On April 27, 2010, 26-year-old Air Force veteran Derek Stansberry boarded Delta Flight 273 from Paris to Atlanta. According to press reports, he passed a note to flight attendants that said, “Forgive me, I fu***d up, I am sorry… My passports and identity are fake… Please let my family know the truth.” He wrote he had brought dynamite aboard in his boots and laptop (CNN.com, 4/28/10).

Mr. Stansberry was overpowered by air marshals and the plane was diverted to the Bangor International Airport in Maine. No explosives were found on the plane. Mr. Stansberry was arrested and charged with knowingly giving false information and interfering with a flight crew. Mr. Stansberry had no history of violence or mental illness and his behavior that day was apparently out of character. He had served in Afghanistan and Iraq from 2005 to 2009 as a senior airman and an intelligence specialist and was honorably discharged. At the time of this strange incident he was working for a contractor in Africa.

Newspaper reports indicate that Mr. Stansberry was acutely psychotic when he was taken into custody. He told FBI agents that he believed that the passengers were talking about him and that he was being followed. He also told the agents that he had taken Ambien.

These events sounded almost too far-fetched to believe. But as a forensic psychologist, I never doubted that the press reports were genuine. I once evaluated a defendant who took Ambien and behaved in a bizarre and unexpected way. While no one was injured by Mr. Stansberry’s apparently Ambien-induced psychotic episode, the defendant I evaluated had, in fact, acted violently.

The defendant, whom I will refer to as Mr. Abrams for the sake of protecting his identity, was arrested for killing his wife. Mr. Abrams and his wife were living with his parents at the time of the offense. His mother called the police after he stumbled downstairs, mumbling incoherently, “Something’s wrong, Ma.” When the police entered the downstairs living room, they found a dazed-looking Mr. Abrams slumped in a chair. The officers climbed the stairs to the bedroom, where they found his wife dead on the floor. She had been stabbed over twenty times. There was no sign of forced entry and the killer’s identity was never in doubt.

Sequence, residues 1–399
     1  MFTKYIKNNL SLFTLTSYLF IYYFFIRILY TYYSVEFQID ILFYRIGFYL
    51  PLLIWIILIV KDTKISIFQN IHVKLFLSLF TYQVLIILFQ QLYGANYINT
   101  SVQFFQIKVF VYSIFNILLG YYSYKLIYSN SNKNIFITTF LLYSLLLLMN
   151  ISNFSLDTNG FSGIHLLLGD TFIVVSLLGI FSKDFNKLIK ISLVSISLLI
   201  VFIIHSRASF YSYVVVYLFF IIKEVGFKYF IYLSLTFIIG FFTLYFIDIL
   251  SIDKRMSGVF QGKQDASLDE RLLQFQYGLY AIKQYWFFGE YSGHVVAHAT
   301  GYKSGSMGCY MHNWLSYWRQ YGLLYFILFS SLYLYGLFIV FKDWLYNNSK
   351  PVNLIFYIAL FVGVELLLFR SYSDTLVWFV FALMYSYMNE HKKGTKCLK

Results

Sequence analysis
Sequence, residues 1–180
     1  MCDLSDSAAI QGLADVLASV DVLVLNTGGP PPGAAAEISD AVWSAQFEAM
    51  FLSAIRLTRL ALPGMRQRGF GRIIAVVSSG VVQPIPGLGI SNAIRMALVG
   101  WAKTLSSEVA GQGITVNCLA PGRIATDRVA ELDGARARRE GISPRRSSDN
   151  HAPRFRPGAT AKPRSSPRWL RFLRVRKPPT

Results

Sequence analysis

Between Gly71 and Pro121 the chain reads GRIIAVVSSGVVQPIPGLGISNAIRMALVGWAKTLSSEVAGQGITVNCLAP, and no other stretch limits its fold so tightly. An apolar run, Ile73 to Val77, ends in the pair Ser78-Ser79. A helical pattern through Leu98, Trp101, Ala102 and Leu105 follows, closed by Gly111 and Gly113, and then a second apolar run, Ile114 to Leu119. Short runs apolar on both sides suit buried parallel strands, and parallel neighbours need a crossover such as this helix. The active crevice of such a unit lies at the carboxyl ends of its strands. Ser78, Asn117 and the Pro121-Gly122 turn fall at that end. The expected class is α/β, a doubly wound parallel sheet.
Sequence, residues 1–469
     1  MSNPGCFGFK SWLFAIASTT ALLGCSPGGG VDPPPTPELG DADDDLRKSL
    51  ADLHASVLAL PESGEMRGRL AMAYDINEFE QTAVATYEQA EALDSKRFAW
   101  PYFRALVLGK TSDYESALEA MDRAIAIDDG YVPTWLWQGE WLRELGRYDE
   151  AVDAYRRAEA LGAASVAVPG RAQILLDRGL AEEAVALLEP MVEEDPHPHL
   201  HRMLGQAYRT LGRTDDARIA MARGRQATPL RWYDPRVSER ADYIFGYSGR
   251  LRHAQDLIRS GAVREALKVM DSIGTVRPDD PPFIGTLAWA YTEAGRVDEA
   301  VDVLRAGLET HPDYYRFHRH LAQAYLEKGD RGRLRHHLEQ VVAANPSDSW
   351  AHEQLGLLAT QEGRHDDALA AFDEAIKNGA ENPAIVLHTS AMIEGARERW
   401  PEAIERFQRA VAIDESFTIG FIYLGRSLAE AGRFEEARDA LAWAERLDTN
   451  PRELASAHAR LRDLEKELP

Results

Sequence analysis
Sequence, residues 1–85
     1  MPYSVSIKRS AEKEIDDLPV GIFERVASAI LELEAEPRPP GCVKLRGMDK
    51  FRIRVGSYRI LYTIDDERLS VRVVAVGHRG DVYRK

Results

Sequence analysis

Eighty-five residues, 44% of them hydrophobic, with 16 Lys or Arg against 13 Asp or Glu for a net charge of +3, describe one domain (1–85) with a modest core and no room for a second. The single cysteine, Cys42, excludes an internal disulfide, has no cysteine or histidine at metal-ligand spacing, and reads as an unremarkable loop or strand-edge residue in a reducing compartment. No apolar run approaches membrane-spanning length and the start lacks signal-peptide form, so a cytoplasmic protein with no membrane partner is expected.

Again, it sounds like “Mr. Abrams” may have not known what he was doing. Could this drug be so powerful that individuals are not even cognizant of their actions? Again, I would defer to the drug’s labeling:

“After taking AMBIEN, you may get up out of bed while not being fully awake and do an activity that you do not know you are doing,” the label currently reads. “The next morning, you may not remember that you did anything during the night…Reported activities include: driving a car (“sleep-driving”), making and eating food, talking on the phone, having sex, sleep-walking.”

Obviously the label doesn’t say anything about shooting people, running them over with a car, or carrying invisible dynamite onto a plane. But the question remains…

If Ambien can make me fry an egg in the middle of the night without consciously realizing what I am doing, could it make the right person commit violence without knowing they are doing so?

I won’t suggest that Ivan Lopez, or any of the other people we have discussed, killed or committed violent acts solely because of this drug, but that is becoming a more common legal defense. For that reason alone the medical community needs to take a closer look.

Will they do that? I doubt it. In the end nothing will likely be done because Big Pharma and Big Government tend to stick together. In America dollar signs tend to trump all.

As an average Joe, who has read too many of these stories, I have to wonder if some of these prescription drugs are killing more people than they are saving.

You Might Like

I remember when these discussions were centered around illegal narcotics. Today’s killers don’t have to take meth, cocaine or PCP. It seems most of them are already on a full regimen of mind-altering substances that are willingly provided by their local physician or psychiatrist.

What do you think?